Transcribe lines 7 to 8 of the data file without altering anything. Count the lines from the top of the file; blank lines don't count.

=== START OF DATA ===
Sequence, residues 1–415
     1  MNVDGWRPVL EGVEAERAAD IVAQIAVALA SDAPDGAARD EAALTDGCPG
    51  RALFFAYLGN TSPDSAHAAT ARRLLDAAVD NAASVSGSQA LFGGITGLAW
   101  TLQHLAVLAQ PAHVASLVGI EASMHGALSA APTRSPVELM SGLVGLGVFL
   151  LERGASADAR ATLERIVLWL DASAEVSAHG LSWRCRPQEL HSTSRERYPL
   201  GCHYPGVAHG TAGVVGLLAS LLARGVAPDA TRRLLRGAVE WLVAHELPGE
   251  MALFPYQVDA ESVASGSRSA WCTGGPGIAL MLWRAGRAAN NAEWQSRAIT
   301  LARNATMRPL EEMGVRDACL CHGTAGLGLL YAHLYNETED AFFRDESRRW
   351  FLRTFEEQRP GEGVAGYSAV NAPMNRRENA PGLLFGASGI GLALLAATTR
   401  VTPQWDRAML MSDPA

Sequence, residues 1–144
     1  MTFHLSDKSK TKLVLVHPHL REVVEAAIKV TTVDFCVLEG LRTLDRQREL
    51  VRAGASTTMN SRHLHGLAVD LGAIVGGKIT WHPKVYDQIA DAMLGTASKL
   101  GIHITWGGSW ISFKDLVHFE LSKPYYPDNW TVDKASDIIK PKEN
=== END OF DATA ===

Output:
   251  MALFPYQVDA ESVASGSRSA WCTGGPGIAL MLWRAGRAAN NAEWQSRAIT
   301  LARNATMRPL EEMGVRDACL CHGTAGLGLL YAHLYNETED AFFRDESRRW